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A Lesson in Resuscitation

Marvyne Jenoff
From:   Tales for an Unknown City, Montreal and Kingston, McGill-Queen’s University Press, 1990, Dan Yashinsky, editor; and paperplates, Volume 1, Number 4, Toronto.


        I did not expect her face to be blue.

"It’s nothing," she whispered from the bed. "But this morning I was dead for a moment. I had an awful pain, then nothing. Somebody shouted, 'Breathe, breathe,' and I think I heard a prayer—who am I to question? The police came, and an ambulance, too. And here I am, back again! My dear, don’t be shocked. At my age you expect such things. Now, come closer and tell me how you are."

She lay back and closed her eyes.
Her face was still pretty blue.

        I whispered in her ear, "There’s a man in my life."
"Ooh! Marvellous! Tell me more."
        "Well, we met..."
"How exciting! How very exciting!" She sat up. "See what you are doing to me with your enthusiasm! Go on."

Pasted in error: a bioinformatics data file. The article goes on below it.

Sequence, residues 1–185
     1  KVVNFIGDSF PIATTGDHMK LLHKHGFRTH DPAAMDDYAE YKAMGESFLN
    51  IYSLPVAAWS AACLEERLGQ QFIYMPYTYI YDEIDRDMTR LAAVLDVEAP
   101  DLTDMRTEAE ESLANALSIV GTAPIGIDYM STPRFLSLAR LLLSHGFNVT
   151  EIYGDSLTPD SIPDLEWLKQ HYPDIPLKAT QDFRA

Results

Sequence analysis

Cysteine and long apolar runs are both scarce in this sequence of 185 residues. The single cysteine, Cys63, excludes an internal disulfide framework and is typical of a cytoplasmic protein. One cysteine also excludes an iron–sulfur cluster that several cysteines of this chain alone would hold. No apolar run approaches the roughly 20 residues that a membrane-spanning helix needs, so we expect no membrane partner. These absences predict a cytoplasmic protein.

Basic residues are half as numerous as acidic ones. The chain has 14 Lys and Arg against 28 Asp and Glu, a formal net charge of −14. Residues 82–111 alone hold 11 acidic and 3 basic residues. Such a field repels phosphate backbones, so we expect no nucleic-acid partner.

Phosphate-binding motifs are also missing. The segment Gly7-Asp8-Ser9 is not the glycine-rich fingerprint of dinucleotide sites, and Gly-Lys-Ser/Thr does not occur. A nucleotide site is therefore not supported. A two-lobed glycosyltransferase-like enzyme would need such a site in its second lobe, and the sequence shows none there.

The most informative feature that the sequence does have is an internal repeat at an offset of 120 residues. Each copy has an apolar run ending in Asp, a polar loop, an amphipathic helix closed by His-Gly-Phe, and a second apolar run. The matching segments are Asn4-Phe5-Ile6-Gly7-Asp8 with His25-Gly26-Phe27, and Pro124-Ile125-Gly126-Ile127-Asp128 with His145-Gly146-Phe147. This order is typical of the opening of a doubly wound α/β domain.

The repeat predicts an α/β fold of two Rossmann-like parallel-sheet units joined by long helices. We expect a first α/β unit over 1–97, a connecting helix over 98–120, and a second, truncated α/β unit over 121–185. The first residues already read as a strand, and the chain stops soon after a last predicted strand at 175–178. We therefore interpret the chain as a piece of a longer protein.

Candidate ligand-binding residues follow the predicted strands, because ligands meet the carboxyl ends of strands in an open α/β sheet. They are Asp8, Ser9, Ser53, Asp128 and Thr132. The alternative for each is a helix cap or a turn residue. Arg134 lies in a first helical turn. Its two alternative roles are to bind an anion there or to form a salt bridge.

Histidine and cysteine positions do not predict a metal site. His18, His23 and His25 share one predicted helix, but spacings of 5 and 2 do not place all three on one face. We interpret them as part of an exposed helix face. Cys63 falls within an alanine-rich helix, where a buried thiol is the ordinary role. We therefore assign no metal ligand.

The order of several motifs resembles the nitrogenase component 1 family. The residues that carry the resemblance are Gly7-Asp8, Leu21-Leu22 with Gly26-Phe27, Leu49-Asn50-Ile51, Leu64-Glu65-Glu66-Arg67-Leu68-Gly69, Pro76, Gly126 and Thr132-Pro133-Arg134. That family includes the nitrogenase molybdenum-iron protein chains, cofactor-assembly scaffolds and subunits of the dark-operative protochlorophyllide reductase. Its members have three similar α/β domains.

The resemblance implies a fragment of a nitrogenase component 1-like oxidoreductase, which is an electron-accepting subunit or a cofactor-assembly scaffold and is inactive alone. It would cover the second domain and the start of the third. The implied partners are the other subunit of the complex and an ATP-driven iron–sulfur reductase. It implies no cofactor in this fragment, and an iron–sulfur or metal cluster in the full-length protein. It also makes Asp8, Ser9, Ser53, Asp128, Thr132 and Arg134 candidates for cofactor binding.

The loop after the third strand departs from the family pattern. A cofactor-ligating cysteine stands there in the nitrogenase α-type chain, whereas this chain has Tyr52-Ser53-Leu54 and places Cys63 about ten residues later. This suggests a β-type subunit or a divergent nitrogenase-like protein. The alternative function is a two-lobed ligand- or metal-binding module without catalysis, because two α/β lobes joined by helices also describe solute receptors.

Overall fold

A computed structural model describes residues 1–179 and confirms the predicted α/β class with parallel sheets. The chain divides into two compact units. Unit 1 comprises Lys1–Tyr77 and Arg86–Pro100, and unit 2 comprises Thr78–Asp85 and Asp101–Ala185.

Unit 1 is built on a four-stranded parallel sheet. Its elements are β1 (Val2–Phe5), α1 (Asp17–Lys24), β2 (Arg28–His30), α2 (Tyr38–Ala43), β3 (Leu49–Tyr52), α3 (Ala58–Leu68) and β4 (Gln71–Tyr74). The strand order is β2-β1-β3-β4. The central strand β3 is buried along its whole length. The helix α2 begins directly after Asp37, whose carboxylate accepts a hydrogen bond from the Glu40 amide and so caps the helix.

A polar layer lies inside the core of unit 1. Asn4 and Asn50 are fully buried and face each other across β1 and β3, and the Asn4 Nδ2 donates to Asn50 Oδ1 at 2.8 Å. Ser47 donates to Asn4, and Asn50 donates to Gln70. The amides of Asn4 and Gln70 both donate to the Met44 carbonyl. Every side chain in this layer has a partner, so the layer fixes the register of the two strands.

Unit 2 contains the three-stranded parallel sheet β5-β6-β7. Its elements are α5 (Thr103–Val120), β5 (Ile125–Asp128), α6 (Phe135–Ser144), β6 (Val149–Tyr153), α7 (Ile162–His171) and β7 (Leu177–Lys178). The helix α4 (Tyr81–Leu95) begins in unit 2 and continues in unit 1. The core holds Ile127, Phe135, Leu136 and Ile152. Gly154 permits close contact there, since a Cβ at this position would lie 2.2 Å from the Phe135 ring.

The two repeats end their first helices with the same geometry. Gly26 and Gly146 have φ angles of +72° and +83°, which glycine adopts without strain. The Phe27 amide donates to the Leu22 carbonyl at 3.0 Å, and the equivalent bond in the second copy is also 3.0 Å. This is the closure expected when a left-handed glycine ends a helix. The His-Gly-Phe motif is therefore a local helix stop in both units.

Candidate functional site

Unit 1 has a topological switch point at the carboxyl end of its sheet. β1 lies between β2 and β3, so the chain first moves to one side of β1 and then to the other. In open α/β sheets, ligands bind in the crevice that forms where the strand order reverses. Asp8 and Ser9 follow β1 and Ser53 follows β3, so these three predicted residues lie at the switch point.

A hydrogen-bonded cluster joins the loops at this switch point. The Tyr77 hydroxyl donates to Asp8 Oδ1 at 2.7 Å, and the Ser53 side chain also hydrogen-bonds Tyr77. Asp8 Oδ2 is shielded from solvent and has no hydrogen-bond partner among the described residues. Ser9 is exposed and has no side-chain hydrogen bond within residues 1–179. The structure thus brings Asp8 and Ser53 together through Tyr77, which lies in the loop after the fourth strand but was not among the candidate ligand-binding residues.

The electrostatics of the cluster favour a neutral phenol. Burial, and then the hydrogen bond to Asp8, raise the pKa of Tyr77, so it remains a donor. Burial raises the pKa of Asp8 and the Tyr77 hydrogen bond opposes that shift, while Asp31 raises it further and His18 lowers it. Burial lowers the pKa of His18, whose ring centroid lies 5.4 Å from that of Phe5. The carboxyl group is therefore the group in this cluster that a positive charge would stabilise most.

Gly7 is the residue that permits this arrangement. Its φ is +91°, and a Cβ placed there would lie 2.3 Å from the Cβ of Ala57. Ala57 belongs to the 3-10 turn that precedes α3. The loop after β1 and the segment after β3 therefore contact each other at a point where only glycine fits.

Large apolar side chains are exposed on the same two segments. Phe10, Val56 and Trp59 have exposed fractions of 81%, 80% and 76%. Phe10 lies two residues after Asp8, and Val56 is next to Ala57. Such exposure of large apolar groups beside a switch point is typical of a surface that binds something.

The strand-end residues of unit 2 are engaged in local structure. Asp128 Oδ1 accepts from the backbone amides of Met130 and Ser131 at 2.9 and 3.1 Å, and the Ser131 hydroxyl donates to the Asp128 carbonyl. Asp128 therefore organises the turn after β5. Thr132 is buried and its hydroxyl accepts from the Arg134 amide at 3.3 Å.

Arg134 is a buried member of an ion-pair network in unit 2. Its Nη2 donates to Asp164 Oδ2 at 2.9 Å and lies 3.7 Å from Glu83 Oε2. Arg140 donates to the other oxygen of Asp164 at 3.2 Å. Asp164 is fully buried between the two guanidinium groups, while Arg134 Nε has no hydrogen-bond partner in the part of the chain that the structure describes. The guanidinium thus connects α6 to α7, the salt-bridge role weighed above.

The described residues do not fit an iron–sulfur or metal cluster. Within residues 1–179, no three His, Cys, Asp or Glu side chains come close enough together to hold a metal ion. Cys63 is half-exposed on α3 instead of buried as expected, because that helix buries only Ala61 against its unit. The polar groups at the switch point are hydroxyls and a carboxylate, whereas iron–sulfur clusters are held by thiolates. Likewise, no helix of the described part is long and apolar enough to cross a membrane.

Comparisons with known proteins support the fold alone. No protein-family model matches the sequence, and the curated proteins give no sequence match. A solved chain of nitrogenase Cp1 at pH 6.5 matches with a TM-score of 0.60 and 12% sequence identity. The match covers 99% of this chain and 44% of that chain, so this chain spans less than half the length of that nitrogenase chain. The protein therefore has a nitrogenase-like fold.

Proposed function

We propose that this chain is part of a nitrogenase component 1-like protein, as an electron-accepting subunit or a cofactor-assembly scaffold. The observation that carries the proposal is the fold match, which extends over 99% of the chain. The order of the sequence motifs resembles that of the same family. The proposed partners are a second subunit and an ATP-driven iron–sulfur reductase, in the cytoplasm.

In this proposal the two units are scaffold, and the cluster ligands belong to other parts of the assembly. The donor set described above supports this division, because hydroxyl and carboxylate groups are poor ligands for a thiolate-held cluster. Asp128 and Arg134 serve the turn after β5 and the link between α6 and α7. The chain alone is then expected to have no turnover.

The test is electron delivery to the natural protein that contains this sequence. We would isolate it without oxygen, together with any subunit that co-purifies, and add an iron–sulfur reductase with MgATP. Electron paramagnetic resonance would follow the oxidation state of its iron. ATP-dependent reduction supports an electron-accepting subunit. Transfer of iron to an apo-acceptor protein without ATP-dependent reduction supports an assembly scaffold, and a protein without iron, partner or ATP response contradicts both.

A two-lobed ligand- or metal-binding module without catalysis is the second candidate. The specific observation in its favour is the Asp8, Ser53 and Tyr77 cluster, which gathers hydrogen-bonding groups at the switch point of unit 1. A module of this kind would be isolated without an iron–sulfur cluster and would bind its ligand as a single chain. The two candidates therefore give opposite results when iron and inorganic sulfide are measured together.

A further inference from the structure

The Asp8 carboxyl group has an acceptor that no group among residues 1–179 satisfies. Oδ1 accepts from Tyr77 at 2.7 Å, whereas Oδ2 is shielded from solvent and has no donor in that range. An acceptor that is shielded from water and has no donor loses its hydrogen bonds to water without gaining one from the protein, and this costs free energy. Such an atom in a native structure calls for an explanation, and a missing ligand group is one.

"Well, he said..."

"It sounds wonderful, my dear! My philosophy is, if you can talk to each other before and after, then you know it’s love. But," she said, tapping off the top of a boiled egg and looking inside, "if you want my advice—I’m giving it to you anyway—I think you are spending too much time by the telephone. The best thing in your situation is to have two men. Don’t be shocked. Find a second one now, while you are feeing so, so energetic.

"You know, my dear, in all the excitement this morning there was such a nice young policeman. What a pity he didn’t take off his clothes. He reminded me of a delightful man I once knew in Vienna."

        "I knew a man in Winnipeg," I said.
and she said, "Paris"
        and I said, "Parry Sound"
and she said, "The Riviera"
        and I said, "Rainy River"
and she said, "San Francisco"
        and I said, "Are you sure it’s okay for you to laugh so much?"
and she said, "Nobody forbids me to laugh."

        So I said, "Saskatoon"
and she said, "Hong Kong"
        and I said, "Flin Flon."
As we sat by the window having tea

we looked out over the city lights and agreed upon Toronto
        just in time for me to catch my train back to Mississauga.

Her hair was red again right down to the roots.
At the door she kissed both my cheeks and said,
"My dear, you look marvelous,
absolutely marvelous!
You know, the way you rushed in,
I was sure you had bad news."



Marvyne Jenoff's works copyright © to the author.


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